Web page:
• 5. Electrons get easily collected by the anode without needing to overcome any barrier. Holes, on the other hand, have to overcome a voltage dependent barrier on the cathode, and thus may not be completely collected. Note that this barrier gets smaller as the bias increases. (ΦM > ΦS) – on the right Electrons have to overcome a potential barrier on the anode and thus may not be completely collected. Note that this barrier gets smaller at higher bias. Therefore, typically at higher biases detector’s performance improves. Holes see no barrier and thus get collected freely. High Bias. Situation changes when a high bias is applied. In that case the whole thickness of the semiconductor becomes depleted. n n p p n n p p Figure 6. Band diagram at high bias. Now, the carriers flow is limited by the following barriers: (ΦM < ΦS) – on the left • Electrons entering semiconductor from the cathode (from the left) have to overcome a voltage independedent contact potential φn, thus cathode behaves as a reverse biased Schottky contact for electrons. • Electrons collected by anode see no barrier at all and flow freely. Thus, anode behaves as Ohmic contact for electrons. • Holes, collected by cathode see no barrier at all and flow freely. Thus, cathode behaves as Ohmic contact for holes. • Holes, entering from anode see a voltage independent barrier φp, equivalent to a reverse biased Schottky contact. (ΦM > ΦS) – on the right • Electrons entering semiconductor from the cathode (from the left) have to overcome a voltage independent barrier φn, thus cathode behaves as a reverse biased Schottky barrier for electrons. • Electrons collected by anode see no barrier at all and flow freely. Thus, anode behaves as Ohmic contact for electrons. • Holes, collected by cathode see no barrier at all and flow freely. Thus, cathode behaves as Ohmic contact for holes. • Holes, entering from anode see a voltage independent barrier φp, equivalent to a reverse biased Schottky contact.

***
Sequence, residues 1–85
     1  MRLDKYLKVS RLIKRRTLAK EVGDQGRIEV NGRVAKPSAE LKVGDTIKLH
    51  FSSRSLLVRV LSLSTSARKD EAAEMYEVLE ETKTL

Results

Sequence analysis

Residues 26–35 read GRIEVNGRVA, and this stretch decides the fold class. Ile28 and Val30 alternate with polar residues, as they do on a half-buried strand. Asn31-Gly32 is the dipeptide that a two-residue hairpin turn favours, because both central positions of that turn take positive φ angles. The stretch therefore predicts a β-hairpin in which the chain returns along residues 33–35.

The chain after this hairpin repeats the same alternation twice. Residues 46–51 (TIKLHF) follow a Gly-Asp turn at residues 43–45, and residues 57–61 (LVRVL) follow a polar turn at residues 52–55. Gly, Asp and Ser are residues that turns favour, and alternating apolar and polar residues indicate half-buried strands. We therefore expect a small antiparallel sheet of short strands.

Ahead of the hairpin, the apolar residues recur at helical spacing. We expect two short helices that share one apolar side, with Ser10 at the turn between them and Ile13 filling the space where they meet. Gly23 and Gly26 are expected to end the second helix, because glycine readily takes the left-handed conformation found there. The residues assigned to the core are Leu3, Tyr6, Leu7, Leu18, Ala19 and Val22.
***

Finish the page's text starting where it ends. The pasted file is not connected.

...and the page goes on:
• 6. Remarkably, for both types of electrodes the mechanism of dark current is identical. The electron dark current is limited by the reverse biased Schottky cathode, while the hole dark current is limited by the reverse biased Schottky anode. Therefore, when smaller work function electrodes are used (ΦM < ΦS) the dark current should tend to be due to electrons (entering from the cathode). Conversely, for higher work function electrodes (ΦM > ΦS) contribution of the holes (entering from anode) to the dark current will be more significant (if not dominant). Similar argument can be used for photo-generated carriers (Figure 7). For both types of electrodes, the photoelectrons and photoholes see no barriers at all and get freely collected. If there are no trapping issues (no mu-tau issues), this could be the most advantageous condition for the detector’s performance. Practically, in the case of CZT for instance, mu-tau-hole is more than two orders of magnitude smaller than that of electron. it could consequently be a limiting factor in the charge collection process. n p p n n p p Figure 7. Collection of photoelectrons and photoholes at high bias. Electrons are shown in blue and holes in red. II.2. Dark Current Type for Redlen’s Au-CZT-Au Device – Experimental Determination We intentionally produced several detectors with a special feature: one of the electrodes is formed with the metal contact extended to the sides thus effectively increasing its surface area. We saw that these detectors have consistently asymmetric IV curves. This makes it possible to identify the type of carriers contributing to the leakage current and make some conclusions on the contact type.